Posted by: R Jonathan Gewirtz | June 13, 2018

Looking Back

All set? Comfy? Buckled? Great.

Yeah, it’s rough out there. It’s nice when you have a comfortable car to ride in, out of the heat or the cold or the rain. What’s that blue butterfly on my rear view mirror? It’s funny you should ask. There’s a great story behind that.

BlueButterflyOne day, I had taken my girls to the doctor, probably for well-visits, or more likely for shots, since those are generally MY responsibility. After behaving well, my daughters, then about two-and-a-half and four-and-a-half respectively, received a number of stickers.

While showing each other the various ones they had and discussing trading, my little one picked up a pretty blue butterfly and declared, “Daddy gets a sticker!” She handed it forward, and I affixed it to my mirror. I knew that way she would see me “use” it, and I could remove it more easily than I could from the dashboard.

But I never did remove it. Every time I look at it, I see that sweet little girl, overflowing with love and generosity, feeling that Daddy is good enough and loved enough that he deserves to have a sticker and she’s going to make sure he gets it.

Sometimes, when she’s driving me crazy, or when she misbehaves, I’ll look at the sticker and start to calm down. It takes me back and reminds me that deep down, she’s genuinely loving, caring, and generous.

Recently, that little sticker gave me an insight into a famous phrase. Jeremiah 2:2 tells us that HaShem says, “I remember the kindness of your youth, the love of when you were a bride, when you followed Me in the desert, in a land that was not sown.”

Let’s think about that. What does it help to remember that someone USED to be good to you, when now they’re rotten? HaShem remembers us when we were devoted to Him, and therefore takes us back even after we’ve betrayed Him. How does that work?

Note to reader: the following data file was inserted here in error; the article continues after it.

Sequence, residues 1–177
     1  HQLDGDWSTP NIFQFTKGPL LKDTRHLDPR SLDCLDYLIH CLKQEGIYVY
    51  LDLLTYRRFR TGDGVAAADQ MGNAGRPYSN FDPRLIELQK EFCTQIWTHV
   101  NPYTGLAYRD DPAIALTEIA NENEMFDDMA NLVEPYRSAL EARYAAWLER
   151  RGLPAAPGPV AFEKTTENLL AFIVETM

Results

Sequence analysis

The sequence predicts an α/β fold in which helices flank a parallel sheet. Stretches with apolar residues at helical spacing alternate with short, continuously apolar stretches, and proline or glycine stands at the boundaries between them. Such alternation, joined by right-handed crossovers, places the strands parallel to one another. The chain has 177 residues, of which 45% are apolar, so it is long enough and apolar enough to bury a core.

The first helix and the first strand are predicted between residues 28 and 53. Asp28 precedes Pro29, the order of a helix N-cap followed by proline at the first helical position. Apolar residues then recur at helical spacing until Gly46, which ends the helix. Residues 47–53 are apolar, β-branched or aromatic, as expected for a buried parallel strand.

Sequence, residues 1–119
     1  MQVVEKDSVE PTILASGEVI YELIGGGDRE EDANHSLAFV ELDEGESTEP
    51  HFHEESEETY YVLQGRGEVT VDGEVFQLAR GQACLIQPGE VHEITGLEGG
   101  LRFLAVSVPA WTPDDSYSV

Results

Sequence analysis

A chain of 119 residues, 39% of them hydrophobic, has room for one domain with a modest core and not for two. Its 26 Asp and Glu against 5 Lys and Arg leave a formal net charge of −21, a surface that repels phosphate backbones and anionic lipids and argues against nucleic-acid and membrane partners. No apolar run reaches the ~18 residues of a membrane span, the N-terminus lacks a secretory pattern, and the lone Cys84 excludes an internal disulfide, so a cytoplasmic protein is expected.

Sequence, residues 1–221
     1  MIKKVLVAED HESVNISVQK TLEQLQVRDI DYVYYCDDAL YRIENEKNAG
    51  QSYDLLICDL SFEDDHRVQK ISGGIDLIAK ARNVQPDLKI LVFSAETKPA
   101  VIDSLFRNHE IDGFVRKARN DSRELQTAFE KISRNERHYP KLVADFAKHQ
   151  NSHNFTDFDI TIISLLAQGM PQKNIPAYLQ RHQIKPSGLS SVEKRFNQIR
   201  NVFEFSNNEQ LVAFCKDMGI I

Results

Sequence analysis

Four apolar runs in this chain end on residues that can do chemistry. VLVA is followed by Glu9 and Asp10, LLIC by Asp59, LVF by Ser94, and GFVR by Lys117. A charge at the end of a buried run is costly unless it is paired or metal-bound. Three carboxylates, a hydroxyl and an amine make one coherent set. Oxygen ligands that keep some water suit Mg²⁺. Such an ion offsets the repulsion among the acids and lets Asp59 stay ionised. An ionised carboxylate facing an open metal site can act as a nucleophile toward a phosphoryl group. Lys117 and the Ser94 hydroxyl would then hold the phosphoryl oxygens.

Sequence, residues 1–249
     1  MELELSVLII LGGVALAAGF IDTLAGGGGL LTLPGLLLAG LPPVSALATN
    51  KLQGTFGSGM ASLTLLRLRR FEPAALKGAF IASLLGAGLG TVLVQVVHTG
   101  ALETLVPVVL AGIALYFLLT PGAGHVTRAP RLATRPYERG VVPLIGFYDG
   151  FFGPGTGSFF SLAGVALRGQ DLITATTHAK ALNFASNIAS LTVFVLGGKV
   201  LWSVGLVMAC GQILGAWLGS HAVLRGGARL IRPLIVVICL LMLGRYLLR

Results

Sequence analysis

Before I explain, let me tell you another story. One day, my wife called me very upset. My pre-teen daughter had balked at eating some sort of green vegetable which was served for dinner and simply refused to taste it. The situation devolved into both parties getting upset. When my wife told me about it, I started laughing.

Astounded at my insensitivity to her frustration, my wife asked me what exactly I found so funny. I paused, then said, wistfully, “We’re back to corn and sweet potatoes,” referencing the only baby food we had been able to get our beloved baby girl to eat when she was an infant. Not peas, not green beans, nothing green – just the small orange jars of corn and sweet potatoes.

My wife’s heart melted and she couldn’t be mad at her baby anymore. It wasn’t her fault; this was how she was made from the beginning!

Just like my sticker, it reminded us of what lie inside of our daughter in her youngest years, and that it still existed inside her today. And that’s the message of the verse.

HaShem says, “I remember when you were enamored with Me; when you clamored to be close to Me. I know that though we’ve been driven far apart, that desire of your youth still resides within you and can resurface with great force.” Even though we think we’ve changed permanently, deep down, He knows we really haven’t.

I like to think that it has broader applications too. Remember when you were young and idealistic? When you thought you could change the world and were willing to give your all to make things happen? Remember when you found joy in the simple things in life, and you weren’t concerned about “stuff” or jealous of others? You might have to go way back to when you were a toddler – when playing with a big box and your imagination could be an all-day event.

Think about the people in your life who give you a hard time, or make things difficult for you. Maybe it’s a parent or grandparent who needs care, and you’re feeling resentful. Maybe it’s a spouse who you feel was nasty or insensitive to you. Go back to when that person made your life sweet, or when they were caring and good, and see if you can bring back some of the good feelings and be forgiving.

See, what I’ve realized is that it’s not too late to look back and see that inner child, the one who was so sweet and innocent. It’s not too late to bring back the kid who was so proud to read the Aleph-Bais or recite a Dvar Torah he learned in school. You can still find the little girl who shared so nicely and was happy when someone else got something she liked; who wasn’t jaded or cynical.

So, that’s why I keep that sticker there, to remind me that all our potential isn’t just in the rear view mirror, it still lies ahead of us, as long as we keep it in our sights. That doesn’t only go for us, but for everyone – HaShem said so.

Well, I’m stopping here, but at least you’re a little closer to your destination now. Safe travels, and just keep taking this road straight ahead. You’ll get where you want to get; I’m sure of it.


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